The inspiration for this collection dates back to the January night we met Bond. At the end of what was his first professional photo shoot he chose Bond Brown as his modeling name. Within minutes we were spinning secret agent scenarios and making plans for the next photo session.
Initially, we underestimated the ease of finding a realistic prop gun in New York City. Other opportunities arose (see Lancaster). Soon life got in the way of the best-laid plans and Bond moved out of New York before we could capture a secret agent session. But since that first night, the 007 Session has remained an elusive goal, morphing from our next project into—eventually—the now-or-never session that would culminate Bond’s modeling career.
As followers of the blog and website know, after our first sessions with Bond in New York we continued to shoot with him over the years. . .in California, in Florida and eventually back in New York. The work has appeared in Gramercy Square, the inaugural issue of Captured Shadows and three photo essays. Our work with Bond has appeared on Favorite Hunks and in DNA. He has been the subject of two Private Portfolio books and a third is on its way.
Bond has always been a reclusive but enthusiastic model, shunning social media, he has worked with very few photographers over his modeling years but has manifestly enjoyed the work. Now in grad school and very much an ambitious young man getting on with his life, he took the challenge seriously. This was the session we’d talked about for years. He’d soon be acquiring an adult-sized, 40-hour-a-week desk and realistically, this would be his last photo session as a model.
He dedicated himself to the gym for months of serious workout and diet regimens. Knowing that the extended, time-lapse documentation of his changing physique was coming to an end, he was determined to deliver "the buffest, sexiest Bond yet."
When we finally captured the session that we’d been nurturing since his first shoot, four years had lapsed. It worked out well. The boy-next-door had matured quite nicely and now fit the persona of a dashing secret agent. It was our thirteenth session together.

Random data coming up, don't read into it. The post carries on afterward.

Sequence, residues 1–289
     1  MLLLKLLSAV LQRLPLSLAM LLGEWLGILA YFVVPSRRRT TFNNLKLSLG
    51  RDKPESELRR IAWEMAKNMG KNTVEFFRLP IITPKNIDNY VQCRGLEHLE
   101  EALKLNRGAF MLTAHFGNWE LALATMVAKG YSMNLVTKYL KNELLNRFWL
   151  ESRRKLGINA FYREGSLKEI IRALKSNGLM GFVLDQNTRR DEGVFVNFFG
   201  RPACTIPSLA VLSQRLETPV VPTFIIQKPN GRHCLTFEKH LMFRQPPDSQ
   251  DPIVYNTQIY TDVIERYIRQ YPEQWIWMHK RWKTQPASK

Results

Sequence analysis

In all respects, this was a special occasion, a grand finale. We flew Bond and his GF into New York for a long weekend that included a celebratory dinner and a Broadway show with the studio's staff and crew. (Alex, our model/assistant/stylist/photographer, has known Bond since that first night, too.) The couple stayed in the apartment west of Times Square that we used as a shooting space. By day, the unobstructed views from their 43rd story perch was breathtaking. By night, the setting was iconic New York and wildly romantic.
Day or night, the space presented challenges for the photography. The view was not entirely unobstructed. A comparably high building across the street blocked the view to the east. Further, it had terraces. About half way through the morning’s shoot, our stylist noticed an admirer . . . directly across the street . . . on her balcony . . . taking pictures back at us from about 100 feet away. We discretely switched windows.
Two walls of the room were floor-to-ceiling glass. By night, the challenge was reflections on the glass separating us from the dramatic view. The opposite interior walls and ceiling were white. If you were having a candlelight dinner you could appreciate the view, but turn on any lights and much of the nighttime view was obliterated by reflections of the bright white room. Using our strobes was out of the question; they lit the place up like a lightning bolt. Ultimately, the only light source that didn’t cast significant reflections on the glass was a reading lamp near the chair. It was primitive and the dim light forced us to push the ISO to the max. Some images are the worse for it but at least we could see both the model and the view.
Assisting us for the weekend was the talented stylist and makeup artist, Charles Zambrano. When Bond saw our portfolio of Charles' body paintings, he wanted in. In the final hours before he had to bolt for the airport, we found time for a body painting session. This had never been part of the plans, but with paints, stencils and brushes in hand, Charles realized Bond as the dashing secret agent in his trademark tuxedo . . . in body paint.
Every model that has done a body painting session with Charles has enjoyed the experience. Bond was no exception but that’s the topic for the next blog entry and a separate behind-the-scenes photo essay, Painting a Secret Agent.
We have uploaded over four dozen photos from the session to new online galleries and have released the latest studio publication. Bond/Manhattan, a new three-part photo essay, features a collection of 60+ images from Bond's final photo session, including Bond as the secret agent (in the flesh and in the paint) as well as a very special NSFW morning session with Bond high above Manhattan and on top of the world, a fitting finale to a long modeling career.
After thirteen photo sessions, rest assured that we have not seen the last of Bond. We still have mounds of raw files that have never been released. And—if the modeling Gods smile on us—Bond might make it back to the East Coast one more time before he starts his new job. With luck there just might be one more session with this model before he moves on to his inevitable adult life.